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Article of the Month

 , January 02, 2018

Resident Wellness—A Chief Resident’s Perspective

Faysal G. Saab, MD, Christine A. Haynes, MD, MPH, Angelica L. Zen, MD, Jessica R. Howard-Anderson, MD, Kristin E. Schwab, MD

Dr. Saab (FSaab@mednet.ucla.edu) is a clinical instructor in the Departments of Medicine and Pediatrics at the David Geffen School of Medicine at UCLA Medical Center. Dr. Haynes (Christine.Haynes@dhha.org) is a clinical instructor in the Department of Medicine at the University of Colorado School of Medicine and Denver Health and Hospital Authority. Dr. Zen (Angelica.l.zen@kp.org) is an associate physician in the Department of Adult and Family Medicine at Kaiser Permanente Oakland Medical Center. Dr. Howard-Anderson (Jrhowa4@emory.edu) is a fellow physician in the Division of Infectious Diseases at Emory University School of Medicine. Dr. Schwab (KSchwab@mednet.ucla.edu) is a fellow physician in the Division of Pulmonary and Critical Care at the David Geffen School of Medicine at UCLA Medical Center.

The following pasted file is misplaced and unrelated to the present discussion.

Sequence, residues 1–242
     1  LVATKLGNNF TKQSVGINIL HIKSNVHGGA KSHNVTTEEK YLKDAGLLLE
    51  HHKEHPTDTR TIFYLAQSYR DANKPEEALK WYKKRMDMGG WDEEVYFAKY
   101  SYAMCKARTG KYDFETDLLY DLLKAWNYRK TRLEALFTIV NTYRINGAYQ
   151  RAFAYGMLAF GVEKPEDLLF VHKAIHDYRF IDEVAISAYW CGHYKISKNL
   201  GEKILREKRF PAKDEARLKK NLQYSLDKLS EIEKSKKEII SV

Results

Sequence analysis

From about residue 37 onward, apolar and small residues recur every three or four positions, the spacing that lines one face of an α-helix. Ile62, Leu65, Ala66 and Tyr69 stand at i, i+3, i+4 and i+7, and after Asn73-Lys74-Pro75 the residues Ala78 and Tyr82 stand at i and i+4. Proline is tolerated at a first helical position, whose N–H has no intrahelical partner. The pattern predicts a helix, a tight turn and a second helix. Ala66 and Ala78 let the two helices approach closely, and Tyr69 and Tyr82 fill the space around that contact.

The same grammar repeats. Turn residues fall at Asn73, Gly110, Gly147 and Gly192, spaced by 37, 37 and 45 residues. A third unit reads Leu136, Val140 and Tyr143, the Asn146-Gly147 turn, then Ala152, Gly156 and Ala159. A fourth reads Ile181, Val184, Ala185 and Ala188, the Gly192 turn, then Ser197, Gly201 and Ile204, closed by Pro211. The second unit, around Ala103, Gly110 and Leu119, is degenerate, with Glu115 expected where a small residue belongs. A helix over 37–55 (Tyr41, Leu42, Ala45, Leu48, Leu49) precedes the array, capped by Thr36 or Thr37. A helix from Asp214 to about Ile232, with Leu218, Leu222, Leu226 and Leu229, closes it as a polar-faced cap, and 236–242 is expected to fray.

Wellness is a new buzzword throughout the medical community. Healthcare systems struggle to prevent burnout and encourage wellness for physicians at every stage of their training and careers, enough so that it was the focus of the Society of General Internal Medicine (SGIM) national meeting in 2017. The topic has increasingly captured the attention of residency programs, especially given the rigor of academic training programs and the various pressures they exert—intellectually, physically, and emotionally. Suicides and major depressive episodes are illustrations of the challenges faced by residents, but often overshadow the less dramatic but similarly important struggles that all residents increasingly face.1 As residents strive to simultaneously provide outstanding patient care, build on their medical education, and excel in research activities, they often feel overwhelmed, and their profession conflicts with their efforts to maintain a personal life.